Cycle China - The Magic and Majesty of Shangri La
South-West China - Yunnan Province - Cycling Tour
Trip Notes &bull Back to this tour's main page
|2||Fly to Zhongdian. Orientation of the old town. Afternoon warm up ride around Napa Lake.||Zhongdian||BD||37|
|3||Day Hike to Hot Springs||Zhongdian||BLD|
|4||Cycle from Zhongdian to Benzilan.||Benzilan||BLD||90|
|5||Cycle Benzilan to Bai Ma Snow Mountain.||Camp||BLD||40|
|6||Cycle Bai Ma Snow Mountain to Mei Li Snow Mountain.||Deqin||BLD||70|
|7||Free Day Mei Li Snow Mountain||Deqin||B|
|8||Cycle Mei Li Snow Mountain to Si Zhong||Si Zhong||BLD||83|
|9||Cycle Si Zhong to Kangpu||Kampu||BLD||80|
|10||Cycle from Kampu to Weixi||Weixi||BLD||70|
|11||Cycle from Weixi to Tachceng||Tacheng||BLD||77|
|12||Cycle from Tacheng to Da Mo Mu Shi Monastery||DaMoMu Shi||BLD||26|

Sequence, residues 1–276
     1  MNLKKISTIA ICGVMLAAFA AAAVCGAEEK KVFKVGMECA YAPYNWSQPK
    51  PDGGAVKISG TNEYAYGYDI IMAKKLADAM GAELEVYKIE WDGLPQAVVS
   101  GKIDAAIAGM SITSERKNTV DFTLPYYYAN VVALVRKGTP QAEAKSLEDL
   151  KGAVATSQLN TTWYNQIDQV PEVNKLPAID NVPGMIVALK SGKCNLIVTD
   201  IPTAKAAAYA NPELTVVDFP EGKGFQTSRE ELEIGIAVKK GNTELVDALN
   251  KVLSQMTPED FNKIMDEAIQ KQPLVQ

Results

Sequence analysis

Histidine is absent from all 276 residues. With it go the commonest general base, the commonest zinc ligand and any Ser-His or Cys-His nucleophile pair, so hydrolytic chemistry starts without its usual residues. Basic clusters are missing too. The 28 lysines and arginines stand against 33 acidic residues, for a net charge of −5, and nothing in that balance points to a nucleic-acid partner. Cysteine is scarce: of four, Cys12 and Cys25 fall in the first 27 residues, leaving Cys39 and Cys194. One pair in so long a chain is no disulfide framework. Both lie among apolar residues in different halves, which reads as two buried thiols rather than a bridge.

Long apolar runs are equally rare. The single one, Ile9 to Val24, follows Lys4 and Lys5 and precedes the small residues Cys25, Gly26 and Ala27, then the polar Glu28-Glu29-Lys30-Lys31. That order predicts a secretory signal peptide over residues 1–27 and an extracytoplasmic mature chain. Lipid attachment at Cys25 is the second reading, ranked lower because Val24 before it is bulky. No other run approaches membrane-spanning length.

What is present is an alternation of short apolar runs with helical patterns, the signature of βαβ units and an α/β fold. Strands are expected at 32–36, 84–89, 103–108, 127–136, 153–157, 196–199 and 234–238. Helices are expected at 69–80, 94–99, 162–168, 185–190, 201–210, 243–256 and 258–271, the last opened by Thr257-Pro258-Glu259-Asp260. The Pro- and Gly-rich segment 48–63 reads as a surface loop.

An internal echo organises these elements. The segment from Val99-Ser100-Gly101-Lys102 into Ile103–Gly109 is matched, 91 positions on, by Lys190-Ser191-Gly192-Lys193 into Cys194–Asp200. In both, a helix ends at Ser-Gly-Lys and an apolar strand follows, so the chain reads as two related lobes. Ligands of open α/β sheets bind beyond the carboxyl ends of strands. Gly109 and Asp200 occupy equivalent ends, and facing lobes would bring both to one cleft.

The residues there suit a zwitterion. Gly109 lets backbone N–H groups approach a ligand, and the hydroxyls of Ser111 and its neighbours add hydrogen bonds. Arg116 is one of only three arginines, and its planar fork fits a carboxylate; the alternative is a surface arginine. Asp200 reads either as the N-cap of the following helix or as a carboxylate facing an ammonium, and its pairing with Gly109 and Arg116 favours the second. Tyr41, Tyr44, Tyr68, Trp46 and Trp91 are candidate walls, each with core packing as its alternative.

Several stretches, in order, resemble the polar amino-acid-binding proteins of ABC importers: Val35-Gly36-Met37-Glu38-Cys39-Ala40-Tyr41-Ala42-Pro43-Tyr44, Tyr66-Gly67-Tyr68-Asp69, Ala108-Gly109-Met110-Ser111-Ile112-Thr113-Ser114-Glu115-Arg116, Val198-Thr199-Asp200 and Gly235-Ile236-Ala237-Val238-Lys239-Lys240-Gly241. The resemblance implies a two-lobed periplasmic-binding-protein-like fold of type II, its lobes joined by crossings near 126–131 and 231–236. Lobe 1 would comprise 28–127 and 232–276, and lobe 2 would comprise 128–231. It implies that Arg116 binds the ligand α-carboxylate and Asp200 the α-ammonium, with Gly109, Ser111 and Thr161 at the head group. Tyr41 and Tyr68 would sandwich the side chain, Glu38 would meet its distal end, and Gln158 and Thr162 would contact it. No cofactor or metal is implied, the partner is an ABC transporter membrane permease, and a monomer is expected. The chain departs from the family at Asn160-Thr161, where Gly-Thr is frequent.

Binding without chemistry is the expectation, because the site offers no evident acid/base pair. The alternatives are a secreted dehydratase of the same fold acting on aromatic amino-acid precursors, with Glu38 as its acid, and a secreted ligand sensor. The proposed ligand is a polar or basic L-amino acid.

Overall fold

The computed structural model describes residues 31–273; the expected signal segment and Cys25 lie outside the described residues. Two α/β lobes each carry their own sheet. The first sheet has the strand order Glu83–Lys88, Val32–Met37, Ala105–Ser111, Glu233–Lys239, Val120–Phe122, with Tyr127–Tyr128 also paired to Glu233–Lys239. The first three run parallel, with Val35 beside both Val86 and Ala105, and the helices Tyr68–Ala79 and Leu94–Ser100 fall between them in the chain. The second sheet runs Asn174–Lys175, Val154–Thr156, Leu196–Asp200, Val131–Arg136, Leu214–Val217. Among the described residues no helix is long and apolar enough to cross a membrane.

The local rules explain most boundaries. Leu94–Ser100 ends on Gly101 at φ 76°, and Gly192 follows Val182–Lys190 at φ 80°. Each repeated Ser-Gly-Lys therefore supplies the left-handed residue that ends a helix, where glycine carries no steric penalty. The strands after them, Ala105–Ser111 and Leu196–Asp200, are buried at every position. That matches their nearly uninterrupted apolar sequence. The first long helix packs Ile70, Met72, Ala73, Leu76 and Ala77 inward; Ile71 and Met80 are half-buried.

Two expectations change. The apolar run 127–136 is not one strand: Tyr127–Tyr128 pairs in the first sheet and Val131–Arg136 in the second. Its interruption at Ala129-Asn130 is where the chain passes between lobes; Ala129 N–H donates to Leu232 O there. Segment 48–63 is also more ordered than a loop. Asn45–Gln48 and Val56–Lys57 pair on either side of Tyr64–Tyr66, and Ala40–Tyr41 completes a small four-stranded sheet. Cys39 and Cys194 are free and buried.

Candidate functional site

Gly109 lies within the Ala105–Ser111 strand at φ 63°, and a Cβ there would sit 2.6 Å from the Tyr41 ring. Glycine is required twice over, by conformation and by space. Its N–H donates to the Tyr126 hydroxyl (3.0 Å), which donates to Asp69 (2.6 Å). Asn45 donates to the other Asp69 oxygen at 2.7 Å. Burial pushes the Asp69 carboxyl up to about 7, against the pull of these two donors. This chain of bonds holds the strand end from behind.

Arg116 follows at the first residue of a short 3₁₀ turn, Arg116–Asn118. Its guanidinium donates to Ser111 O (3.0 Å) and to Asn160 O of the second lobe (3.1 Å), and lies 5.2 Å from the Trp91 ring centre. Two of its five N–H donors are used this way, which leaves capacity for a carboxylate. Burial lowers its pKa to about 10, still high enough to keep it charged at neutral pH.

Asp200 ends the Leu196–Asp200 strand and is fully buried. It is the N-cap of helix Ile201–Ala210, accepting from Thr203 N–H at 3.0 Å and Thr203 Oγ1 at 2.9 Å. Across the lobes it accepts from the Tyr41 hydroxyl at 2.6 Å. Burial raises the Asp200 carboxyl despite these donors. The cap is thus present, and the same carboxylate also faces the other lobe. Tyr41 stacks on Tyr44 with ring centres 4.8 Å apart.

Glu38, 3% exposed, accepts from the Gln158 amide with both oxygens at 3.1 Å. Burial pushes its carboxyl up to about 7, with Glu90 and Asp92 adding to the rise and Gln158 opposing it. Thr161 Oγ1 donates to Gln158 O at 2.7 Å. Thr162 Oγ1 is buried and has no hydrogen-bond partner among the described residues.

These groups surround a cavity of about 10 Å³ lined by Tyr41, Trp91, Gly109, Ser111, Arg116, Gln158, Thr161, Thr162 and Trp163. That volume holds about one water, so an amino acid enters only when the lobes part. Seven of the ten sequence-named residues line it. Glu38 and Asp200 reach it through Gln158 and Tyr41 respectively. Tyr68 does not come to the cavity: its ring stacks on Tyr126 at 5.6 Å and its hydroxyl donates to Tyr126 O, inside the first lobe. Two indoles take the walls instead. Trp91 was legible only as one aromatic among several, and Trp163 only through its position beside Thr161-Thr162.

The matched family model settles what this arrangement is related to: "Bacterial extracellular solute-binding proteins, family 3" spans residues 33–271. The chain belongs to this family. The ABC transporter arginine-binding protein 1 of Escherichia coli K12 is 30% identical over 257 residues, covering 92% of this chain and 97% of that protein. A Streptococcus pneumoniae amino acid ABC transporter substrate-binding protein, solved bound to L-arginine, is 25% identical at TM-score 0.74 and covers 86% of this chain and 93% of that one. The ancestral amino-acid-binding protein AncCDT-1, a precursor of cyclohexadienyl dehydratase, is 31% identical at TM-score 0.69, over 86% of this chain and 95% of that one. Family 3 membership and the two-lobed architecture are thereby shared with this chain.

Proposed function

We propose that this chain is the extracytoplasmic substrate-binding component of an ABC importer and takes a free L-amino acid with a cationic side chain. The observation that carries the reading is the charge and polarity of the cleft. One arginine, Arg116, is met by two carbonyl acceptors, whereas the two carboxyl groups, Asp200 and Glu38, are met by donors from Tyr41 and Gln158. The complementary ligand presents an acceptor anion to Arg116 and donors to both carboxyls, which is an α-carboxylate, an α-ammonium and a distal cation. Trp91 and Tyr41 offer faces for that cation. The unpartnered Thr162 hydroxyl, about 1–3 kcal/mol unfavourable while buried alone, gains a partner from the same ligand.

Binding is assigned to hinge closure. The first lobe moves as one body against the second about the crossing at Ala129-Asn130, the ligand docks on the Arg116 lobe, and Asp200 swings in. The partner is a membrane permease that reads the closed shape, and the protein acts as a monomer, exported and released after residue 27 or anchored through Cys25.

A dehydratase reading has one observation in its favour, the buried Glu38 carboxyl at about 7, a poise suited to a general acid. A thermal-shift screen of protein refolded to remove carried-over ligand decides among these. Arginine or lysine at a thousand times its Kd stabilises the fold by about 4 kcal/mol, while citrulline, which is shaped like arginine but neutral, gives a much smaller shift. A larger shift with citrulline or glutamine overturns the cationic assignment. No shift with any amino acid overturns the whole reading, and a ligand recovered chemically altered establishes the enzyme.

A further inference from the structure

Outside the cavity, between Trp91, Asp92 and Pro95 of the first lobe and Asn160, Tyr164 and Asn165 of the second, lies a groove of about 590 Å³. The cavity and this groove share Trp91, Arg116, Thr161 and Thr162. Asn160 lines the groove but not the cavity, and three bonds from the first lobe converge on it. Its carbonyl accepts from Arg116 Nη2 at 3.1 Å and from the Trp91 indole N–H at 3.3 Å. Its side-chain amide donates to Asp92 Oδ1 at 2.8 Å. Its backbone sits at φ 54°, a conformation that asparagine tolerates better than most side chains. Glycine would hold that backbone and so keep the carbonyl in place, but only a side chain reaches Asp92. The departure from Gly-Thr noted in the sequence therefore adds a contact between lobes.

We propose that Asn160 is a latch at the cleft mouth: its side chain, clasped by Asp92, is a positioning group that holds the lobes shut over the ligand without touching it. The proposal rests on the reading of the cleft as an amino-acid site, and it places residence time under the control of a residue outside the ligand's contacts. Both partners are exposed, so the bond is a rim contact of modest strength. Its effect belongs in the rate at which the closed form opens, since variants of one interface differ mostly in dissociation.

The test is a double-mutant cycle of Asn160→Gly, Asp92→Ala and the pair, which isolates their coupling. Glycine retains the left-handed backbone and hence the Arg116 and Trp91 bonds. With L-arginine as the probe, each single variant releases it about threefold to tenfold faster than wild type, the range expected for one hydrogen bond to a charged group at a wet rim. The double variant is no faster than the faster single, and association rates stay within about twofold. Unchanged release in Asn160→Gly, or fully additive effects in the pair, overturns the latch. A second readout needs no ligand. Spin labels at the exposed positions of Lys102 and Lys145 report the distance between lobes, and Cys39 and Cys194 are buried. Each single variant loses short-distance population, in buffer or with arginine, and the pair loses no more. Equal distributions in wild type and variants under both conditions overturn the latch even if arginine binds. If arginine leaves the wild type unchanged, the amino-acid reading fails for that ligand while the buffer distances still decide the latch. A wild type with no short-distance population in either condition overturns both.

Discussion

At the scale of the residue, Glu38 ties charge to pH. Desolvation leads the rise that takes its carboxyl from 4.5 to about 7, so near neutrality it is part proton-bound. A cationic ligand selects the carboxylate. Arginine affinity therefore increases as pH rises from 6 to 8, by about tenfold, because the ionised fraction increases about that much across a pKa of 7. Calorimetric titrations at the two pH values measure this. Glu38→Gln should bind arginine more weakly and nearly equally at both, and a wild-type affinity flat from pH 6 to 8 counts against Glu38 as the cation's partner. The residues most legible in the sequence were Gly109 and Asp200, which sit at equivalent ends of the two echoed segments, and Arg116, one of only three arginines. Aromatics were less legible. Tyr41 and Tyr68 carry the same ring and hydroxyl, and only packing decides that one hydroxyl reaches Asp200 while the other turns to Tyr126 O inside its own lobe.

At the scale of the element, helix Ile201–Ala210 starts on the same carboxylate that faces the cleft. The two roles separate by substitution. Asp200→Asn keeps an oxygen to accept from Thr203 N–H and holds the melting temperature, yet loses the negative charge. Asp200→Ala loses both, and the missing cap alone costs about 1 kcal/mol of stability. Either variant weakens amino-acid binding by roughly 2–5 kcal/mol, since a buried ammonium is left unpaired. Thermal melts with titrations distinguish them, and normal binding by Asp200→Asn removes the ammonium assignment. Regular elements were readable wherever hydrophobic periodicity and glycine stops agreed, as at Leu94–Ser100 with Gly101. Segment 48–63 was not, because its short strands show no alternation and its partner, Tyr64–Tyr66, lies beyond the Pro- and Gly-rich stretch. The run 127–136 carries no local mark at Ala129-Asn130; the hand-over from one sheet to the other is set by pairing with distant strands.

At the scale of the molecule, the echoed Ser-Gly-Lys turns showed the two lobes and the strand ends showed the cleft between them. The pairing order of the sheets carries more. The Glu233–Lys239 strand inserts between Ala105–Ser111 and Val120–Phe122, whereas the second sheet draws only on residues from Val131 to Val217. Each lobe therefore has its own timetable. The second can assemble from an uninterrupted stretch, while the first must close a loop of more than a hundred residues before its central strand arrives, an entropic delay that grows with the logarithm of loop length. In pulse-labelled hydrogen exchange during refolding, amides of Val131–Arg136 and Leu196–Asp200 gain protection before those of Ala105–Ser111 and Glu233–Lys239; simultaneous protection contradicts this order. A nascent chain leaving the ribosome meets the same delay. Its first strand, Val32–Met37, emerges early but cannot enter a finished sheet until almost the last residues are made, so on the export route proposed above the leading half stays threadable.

|13||Cycle from Da Mo Mu Shi to JinJiang||Camp||BLD||81|
|14||Transfer to Lijiang. Free Afternoon.||Lijiang||BLD|
Day 1 – Kunming – 1900m
This is arrival day and you'll be met by your Bike Asia leader in the evening to go over the trip ahead. Kunming is a great place to explore with its wide boulevards and modern shopping centres giving way to back lanes and old wooden buildings. There are plenty of things to keep you busy if you arrive early. Check out the Tang Dynasty Pagodas or join the Buddhist pilgrims to the 1000 year old Yuan Tong Temple, the largest of its kind in Kunming. This temple is a great place to try Buddhist vegetarian cuisine. We will meet in the evening for the group meeting to go over the formalities of the trip before heading out to dinner to sample some of the local cuisine.
Day 2 – Zhongdian (Shangri La) – 3200m - Cycling 37km